Background and design: The incidence and prevalence of dermatitis herpetiformis has never been formally evaluated in any area of the United States. Several northern European studies have shown prevalence rates ranging from 1.2 per 100,000 to 39.2 per 100,000. The present study was performed to evaluate the incidence and prevalence of dermatitis herpetiformis in Utah. Information from 240 patients diagnosed with dermatitis herpetiformis was compiled from hospital records throughout Utah, as well as the sole private dermatopathologist in the state, and from the university referral center of the state. Criteria for inclusion in the study were a clinical diagnosis of dermatitis herpetiformis plus granular deposition of IgA in dermal papillae by direct immunofluorescence of uninvolved skin, or histopathologic findings consistent with the disease. Clinical diagnosis and response to dapsone alone was considered insufficient for inclusion in the study. On the basis of these criteria, as well as exclusion of non-Utah residents, 188 of the original 240 patients qualified for the study.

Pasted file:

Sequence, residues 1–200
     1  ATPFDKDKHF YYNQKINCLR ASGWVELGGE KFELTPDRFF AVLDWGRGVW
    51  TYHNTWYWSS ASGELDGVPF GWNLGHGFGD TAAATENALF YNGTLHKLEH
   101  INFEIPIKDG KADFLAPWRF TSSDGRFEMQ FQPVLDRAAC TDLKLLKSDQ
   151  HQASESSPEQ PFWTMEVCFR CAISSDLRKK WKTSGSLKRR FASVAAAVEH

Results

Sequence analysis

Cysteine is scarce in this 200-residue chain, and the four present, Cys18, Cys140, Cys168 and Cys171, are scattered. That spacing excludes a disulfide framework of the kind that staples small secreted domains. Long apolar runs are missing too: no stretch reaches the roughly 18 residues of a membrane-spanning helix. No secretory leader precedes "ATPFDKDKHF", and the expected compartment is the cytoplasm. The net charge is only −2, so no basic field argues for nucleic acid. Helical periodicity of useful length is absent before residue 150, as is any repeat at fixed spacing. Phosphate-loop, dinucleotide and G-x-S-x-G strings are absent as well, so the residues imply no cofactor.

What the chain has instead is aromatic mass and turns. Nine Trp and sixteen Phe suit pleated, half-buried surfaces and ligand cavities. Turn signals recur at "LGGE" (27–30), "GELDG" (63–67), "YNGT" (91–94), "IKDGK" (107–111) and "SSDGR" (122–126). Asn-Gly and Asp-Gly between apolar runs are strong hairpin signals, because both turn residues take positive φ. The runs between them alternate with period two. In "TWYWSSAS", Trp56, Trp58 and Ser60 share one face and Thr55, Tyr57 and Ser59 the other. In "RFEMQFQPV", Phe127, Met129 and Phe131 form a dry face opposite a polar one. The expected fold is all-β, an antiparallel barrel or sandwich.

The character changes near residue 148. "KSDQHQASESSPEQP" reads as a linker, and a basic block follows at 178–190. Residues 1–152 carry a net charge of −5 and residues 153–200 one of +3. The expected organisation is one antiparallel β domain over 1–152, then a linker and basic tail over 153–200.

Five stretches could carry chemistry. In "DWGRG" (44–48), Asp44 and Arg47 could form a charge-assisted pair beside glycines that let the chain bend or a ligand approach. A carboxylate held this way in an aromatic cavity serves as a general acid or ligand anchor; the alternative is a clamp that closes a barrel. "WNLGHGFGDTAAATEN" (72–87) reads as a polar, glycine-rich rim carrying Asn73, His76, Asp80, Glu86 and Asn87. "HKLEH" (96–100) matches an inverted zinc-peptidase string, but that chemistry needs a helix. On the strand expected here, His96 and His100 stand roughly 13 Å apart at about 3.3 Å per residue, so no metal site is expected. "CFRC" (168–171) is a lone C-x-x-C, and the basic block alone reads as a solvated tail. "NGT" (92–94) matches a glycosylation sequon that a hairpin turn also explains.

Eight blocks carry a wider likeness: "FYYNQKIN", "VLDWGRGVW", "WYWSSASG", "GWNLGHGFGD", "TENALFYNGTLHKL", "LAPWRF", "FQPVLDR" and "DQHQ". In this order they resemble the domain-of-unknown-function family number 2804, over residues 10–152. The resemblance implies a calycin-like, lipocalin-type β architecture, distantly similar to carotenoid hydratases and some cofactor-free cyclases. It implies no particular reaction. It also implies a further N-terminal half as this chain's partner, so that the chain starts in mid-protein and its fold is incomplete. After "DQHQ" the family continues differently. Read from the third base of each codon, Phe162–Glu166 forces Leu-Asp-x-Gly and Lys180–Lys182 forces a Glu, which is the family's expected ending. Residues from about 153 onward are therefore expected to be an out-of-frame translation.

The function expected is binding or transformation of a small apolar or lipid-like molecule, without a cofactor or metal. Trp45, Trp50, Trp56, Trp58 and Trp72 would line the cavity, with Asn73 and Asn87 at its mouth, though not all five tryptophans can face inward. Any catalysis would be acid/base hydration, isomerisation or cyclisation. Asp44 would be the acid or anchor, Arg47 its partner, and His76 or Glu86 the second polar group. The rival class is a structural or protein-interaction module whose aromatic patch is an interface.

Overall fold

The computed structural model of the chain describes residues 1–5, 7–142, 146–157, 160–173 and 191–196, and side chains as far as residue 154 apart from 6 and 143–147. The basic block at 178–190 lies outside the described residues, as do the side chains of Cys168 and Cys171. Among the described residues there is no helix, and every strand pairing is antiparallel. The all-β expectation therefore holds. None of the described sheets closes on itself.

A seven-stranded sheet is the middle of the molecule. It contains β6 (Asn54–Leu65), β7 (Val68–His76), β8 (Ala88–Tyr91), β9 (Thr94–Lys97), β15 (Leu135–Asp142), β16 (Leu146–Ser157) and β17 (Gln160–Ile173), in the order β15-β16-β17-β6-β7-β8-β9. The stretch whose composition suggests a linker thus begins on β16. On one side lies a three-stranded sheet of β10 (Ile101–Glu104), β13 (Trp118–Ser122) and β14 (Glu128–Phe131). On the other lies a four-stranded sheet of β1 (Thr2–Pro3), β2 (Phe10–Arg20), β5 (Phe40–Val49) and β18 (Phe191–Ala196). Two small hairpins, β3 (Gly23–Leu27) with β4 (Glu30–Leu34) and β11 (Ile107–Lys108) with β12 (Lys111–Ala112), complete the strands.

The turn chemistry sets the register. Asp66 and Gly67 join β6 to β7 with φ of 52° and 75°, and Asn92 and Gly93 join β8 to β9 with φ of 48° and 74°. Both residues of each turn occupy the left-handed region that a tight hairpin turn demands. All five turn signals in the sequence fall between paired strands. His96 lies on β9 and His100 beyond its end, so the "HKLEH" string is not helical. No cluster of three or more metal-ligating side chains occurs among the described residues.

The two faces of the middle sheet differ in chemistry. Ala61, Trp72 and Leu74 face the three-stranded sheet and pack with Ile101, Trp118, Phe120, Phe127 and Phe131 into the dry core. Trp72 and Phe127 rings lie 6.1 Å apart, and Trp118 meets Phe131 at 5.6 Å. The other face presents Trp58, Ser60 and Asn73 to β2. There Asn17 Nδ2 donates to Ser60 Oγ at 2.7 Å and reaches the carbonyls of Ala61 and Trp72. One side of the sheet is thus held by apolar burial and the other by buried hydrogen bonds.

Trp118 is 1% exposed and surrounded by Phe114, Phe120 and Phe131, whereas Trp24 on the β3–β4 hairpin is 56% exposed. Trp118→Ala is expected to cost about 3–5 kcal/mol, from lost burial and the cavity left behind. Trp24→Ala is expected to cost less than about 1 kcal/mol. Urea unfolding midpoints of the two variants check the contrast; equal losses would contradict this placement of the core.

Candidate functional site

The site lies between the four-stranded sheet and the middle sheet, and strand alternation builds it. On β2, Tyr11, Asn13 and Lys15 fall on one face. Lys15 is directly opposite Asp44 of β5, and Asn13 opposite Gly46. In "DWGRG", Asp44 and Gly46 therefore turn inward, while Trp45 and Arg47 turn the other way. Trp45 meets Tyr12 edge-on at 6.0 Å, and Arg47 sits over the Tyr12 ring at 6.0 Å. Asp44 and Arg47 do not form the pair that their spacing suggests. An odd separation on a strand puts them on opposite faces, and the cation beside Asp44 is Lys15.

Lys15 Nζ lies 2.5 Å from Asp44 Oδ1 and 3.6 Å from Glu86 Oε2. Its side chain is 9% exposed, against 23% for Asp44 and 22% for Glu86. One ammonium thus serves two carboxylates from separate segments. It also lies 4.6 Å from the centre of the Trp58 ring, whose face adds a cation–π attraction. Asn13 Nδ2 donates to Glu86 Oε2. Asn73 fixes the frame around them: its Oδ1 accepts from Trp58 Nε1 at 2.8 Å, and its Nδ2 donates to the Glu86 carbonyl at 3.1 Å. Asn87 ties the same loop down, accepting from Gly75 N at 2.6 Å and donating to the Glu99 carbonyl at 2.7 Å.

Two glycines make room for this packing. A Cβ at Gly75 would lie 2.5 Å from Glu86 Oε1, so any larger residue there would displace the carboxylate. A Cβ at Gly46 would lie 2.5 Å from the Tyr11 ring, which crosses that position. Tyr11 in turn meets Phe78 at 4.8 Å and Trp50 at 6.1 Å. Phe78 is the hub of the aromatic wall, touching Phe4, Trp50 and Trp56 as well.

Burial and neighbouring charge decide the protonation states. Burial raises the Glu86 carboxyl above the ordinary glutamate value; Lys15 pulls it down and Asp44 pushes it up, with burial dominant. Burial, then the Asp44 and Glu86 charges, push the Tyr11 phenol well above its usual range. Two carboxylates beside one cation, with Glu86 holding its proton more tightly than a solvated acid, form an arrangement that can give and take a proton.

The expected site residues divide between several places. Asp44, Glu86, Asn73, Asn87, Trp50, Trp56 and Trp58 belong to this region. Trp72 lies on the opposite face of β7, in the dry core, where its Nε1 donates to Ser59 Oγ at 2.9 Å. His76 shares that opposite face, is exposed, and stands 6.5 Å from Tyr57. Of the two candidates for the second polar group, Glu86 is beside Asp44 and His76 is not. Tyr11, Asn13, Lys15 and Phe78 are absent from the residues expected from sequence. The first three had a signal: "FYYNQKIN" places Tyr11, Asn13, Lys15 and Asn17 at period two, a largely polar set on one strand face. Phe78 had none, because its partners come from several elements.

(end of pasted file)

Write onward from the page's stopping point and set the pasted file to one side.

Results: The prevalence of dermatitis herpetiformis in Utah in 1987 was 11.2 per 100,000. The mean incidence for the years 1978 through 1987 was 0.98 per 100,000 per year. The mean age at onset of symptoms for male patients was 40.1 years, and that for female patients was 36.2 years. The male-female ratio was 1.44:1.
Conclusions: This represents the first evaluation of the incidence and prevalence of dermatitis herpetiformis in the United States. These results are similar to those of the previous studies, probably because of Utah's largely northern European ancestry. This population base, plus a much smaller than average black and Oriental population, is likely to have produced a higher incidence and prevalence in Utah than would be seen in other areas of the United States.